ClusterIP services are listening on port 3080 internally and at this moment we don’t have communication with servers from outside the cluster.

Istio Routing

Istio Gateway

Istio gateway is used to control inbound and outbound traffic for the mesh.

cat << EOF | kubectl apply -f -
apiVersion: networking.istio.io/v1beta1
kind: Gateway
metadata:
  name: server-gateway
spec:
  selector:
    istio: ingressgateway
  servers:
  - port:
      number: 80
      name: http
      protocol: HTTP
    hosts:
    - "*"
EOF

From the configuration, you can see that selector is “Istio: ingressgateway”. It is one of the labels of the LoadBalancer service created with Istio installation.

You can show labels of the service and see that “Istio: ingressgateway” is one of them.

kubectl get service istio-ingressgateway -n istio-system --show-labels

This gateway will allow all HTTP traffic coming from istio-ingressgateway on port 80 for any host in the cluster.

Actual routing rules for traffic allowed by the gateway are defined in Istio virtual service.

Istio Virtual Service

In Istio virtual service we are defining routing rules for data allowed by a particular gateway. Request properties can be matched with defined values and traffic that matches is routed to a specified destination. Matches are evaluated in sequential order as they are defined.

Virtual service has http section for defining rules for HTTP/1.1, HTTP2, and gRPC traffic, tcp section for TCP rules and tls section for unterminated TLS traffic.

HTTP traffic can be matched by the following properties:

  • Authority
  • Headers
  • Method
  • queryParams
  • Scheme
  • Uri

Match type can be exact, prefix, or regex. More info about HTTP matches can be found in Istio documentation.

Path-Based Routing

We will create a virtual service that will route ingress traffic based on the request path. If the path is /nginx, traffic will be routed to clusterip-nginx service and if it is /apache, it will be routed to clusterip-httpd service.

cat << EOF | kubectl apply -f -
apiVersion: networking.istio.io/v1beta1
kind: VirtualService
metadata:
  name: web-server
spec:
  hosts:
  - "*"
  gateways:
  - server-gateway
  http:
    - match:
      - uri:
          prefix: /nginx
      rewrite:
        uri: /
      route:
      - destination:
          host: clusterip-nginx
          port:
            number: 3080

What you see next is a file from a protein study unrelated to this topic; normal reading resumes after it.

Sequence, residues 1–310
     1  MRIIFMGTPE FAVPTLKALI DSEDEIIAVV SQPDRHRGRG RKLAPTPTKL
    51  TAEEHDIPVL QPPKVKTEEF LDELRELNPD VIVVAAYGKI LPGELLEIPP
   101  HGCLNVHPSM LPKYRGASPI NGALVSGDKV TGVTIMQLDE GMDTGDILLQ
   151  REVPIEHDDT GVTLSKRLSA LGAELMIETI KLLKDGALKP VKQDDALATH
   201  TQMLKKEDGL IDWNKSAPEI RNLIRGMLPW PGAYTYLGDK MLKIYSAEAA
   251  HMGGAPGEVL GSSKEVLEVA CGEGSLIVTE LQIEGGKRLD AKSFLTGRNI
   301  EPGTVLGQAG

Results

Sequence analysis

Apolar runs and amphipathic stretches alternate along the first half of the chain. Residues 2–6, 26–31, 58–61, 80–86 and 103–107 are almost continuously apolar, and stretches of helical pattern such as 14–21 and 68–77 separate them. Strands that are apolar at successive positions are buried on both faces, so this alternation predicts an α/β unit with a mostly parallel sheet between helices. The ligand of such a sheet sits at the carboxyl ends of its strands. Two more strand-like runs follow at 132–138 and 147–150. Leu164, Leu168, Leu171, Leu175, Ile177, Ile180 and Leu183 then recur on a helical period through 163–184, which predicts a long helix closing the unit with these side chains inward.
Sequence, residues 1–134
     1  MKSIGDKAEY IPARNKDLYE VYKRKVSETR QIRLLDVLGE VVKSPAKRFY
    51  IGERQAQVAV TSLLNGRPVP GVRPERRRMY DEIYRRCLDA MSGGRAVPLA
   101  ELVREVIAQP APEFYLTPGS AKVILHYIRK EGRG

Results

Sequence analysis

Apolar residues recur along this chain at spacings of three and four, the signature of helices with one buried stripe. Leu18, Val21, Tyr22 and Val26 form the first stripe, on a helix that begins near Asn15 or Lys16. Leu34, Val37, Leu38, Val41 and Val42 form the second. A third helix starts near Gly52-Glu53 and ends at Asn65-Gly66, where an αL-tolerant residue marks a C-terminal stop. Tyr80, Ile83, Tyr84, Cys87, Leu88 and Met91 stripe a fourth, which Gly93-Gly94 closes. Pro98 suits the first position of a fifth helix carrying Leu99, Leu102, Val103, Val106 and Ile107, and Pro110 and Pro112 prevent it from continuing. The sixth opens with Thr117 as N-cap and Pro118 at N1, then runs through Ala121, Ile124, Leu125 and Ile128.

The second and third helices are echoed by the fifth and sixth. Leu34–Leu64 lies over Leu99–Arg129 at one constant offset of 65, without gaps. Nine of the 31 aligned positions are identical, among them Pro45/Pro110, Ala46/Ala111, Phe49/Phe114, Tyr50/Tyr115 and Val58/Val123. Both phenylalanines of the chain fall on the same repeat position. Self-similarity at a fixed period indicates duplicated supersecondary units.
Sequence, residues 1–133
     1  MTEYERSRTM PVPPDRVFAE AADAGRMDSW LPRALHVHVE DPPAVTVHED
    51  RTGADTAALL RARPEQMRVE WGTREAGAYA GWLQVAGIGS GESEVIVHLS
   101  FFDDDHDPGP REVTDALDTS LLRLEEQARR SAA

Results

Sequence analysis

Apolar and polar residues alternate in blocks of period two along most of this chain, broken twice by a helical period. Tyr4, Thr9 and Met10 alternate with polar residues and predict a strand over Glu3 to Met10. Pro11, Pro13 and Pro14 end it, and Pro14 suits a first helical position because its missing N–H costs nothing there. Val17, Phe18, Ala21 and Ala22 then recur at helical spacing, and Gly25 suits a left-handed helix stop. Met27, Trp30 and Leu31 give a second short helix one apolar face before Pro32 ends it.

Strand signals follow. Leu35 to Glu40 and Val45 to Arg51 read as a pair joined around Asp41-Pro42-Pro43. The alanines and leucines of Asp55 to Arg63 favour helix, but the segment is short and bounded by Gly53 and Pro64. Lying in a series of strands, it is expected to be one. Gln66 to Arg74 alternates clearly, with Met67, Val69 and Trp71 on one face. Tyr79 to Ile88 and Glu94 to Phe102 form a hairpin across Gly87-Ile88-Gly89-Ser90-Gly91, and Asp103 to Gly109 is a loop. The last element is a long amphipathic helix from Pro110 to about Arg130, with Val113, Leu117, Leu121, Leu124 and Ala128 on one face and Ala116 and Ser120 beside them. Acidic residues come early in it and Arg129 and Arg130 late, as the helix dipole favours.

- match:
      - uri:
          prefix: /apache
      rewrite:
        uri: /
      route:
      - destination:
          host: clusterip-httpd
          port:
            number: 3080
EOF

We are using the server-gateway we created in the previous step to receive traffic on port 80, make a routing decision based on URI prefix and redirect traffic to port 3080 of the corresponding service.

Additionally, we are rewriting URI to “/”, because neither of the servers has resources for serving at /nginx or /apache path and both of them will serve only from the root.

In this example, we are using a short name for destination and it works because virtual service and destination are in the same namespace. For the production environment, it is recommended to use fully qualified host names.

After creating a virtual service, you can open your browser at http://localhost/apache and http://localhost/nginx (if you are not using Docker Desktop, look for the external IP address for the LoadBalancer service and use it instead of localhost). You should see different responses depending on the path in the request.

Figure 1 – Httpd is serving the response for http://localhost/apache
Figure 2 – Nginx is serving the response for http://localhost/nginx

Routing Based on Request Headers

To demonstrate routing based on headers, we will use a “user-agent” header and route traffic to a different server depending on which browser sent the request. If we open the URL from Chrome, the apache web page will be presented for the Firefox – Nginx page.

cat << EOF | kubectl apply -f -
apiVersion: networking.istio.io/v1beta1
kind: VirtualService
metadata:
  name: web-server
spec:
  hosts:
  - "*"
  gateways:
  - server-gateway
  http:
    - match:
      - headers:
          user-agent:
             regex: '.*Firefox.*'
      route:
      - destination:
          host: clusterip-nginx
          port:
            number: 3080
    - match:
      - headers:
          user-agent:
             regex: '.*Chrome.*'
      route:
      - destination:
          host: clusterip-httpd
          port:
            number: 3080
EOF

If you try to open the same http://localhost/ from Chrome and Firefox, you should see different pages.          

Note that this time we don’t need to rewrite the URI because the path is “/”.


Figure 3 – Httpd is serving the responses for requests from Chrome
Figure 4 – Nginx is serving the responses for requests from Firefox

Conclusion

         In this article, we demonstrated basic routing rules in Istio Virtual service, based on HTTP properties. Once you understand the basic principles of writing routing rules, you can use Istio virtual service for much more complex scenarios.

         This is just part of Istio’s capabilities. Besides traffic management, Istio has security features that enable authentication and authorization. It also generates detailed telemetry for service communication which provides observability of the mesh. More detailed information about Istio can be found in its official documentation.